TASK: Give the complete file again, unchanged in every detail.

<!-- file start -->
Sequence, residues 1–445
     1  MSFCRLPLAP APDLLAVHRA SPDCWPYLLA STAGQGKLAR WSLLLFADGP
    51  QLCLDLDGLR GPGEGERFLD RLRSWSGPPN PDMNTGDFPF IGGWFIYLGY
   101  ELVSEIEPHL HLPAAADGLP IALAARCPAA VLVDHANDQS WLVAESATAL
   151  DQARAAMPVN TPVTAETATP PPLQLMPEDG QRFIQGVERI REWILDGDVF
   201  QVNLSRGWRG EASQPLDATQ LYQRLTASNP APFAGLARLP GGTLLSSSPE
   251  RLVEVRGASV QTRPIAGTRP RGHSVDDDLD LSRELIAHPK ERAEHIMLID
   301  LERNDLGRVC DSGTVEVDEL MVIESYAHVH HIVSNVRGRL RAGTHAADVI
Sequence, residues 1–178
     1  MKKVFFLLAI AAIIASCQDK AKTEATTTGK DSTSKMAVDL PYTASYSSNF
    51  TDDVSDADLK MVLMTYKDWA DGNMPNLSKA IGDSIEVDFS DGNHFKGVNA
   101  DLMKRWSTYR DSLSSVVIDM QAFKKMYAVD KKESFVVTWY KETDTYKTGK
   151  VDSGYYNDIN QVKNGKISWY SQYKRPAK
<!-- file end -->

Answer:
Sequence, residues 1–445
     1  MSFCRLPLAP APDLLAVHRA SPDCWPYLLA STAGQGKLAR WSLLLFADGP
    51  QLCLDLDGLR GPGEGERFLD RLRSWSGPPN PDMNTGDFPF IGGWFIYLGY
   101  ELVSEIEPHL HLPAAADGLP IALAARCPAA VLVDHANDQS WLVAESATAL
   151  DQARAAMPVN TPVTAETATP PPLQLMPEDG QRFIQGVERI REWILDGDVF
   201  QVNLSRGWRG EASQPLDATQ LYQRLTASNP APFAGLARLP GGTLLSSSPE
   251  RLVEVRGASV QTRPIAGTRP RGHSVDDDLD LSRELIAHPK ERAEHIMLID
   301  LERNDLGRVC DSGTVEVDEL MVIESYAHVH HIVSNVRGRL RAGTHAADVI
Sequence, residues 1–178
     1  MKKVFFLLAI AAIIASCQDK AKTEATTTGK DSTSKMAVDL PYTASYSSNF
    51  TDDVSDADLK MVLMTYKDWA DGNMPNLSKA IGDSIEVDFS DGNHFKGVNA
   101  DLMKRWSTYR DSLSSVVIDM QAFKKMYAVD KKESFVVTWY KETDTYKTGK
   151  VDSGYYNDIN QVKNGKISWY SQYKRPAK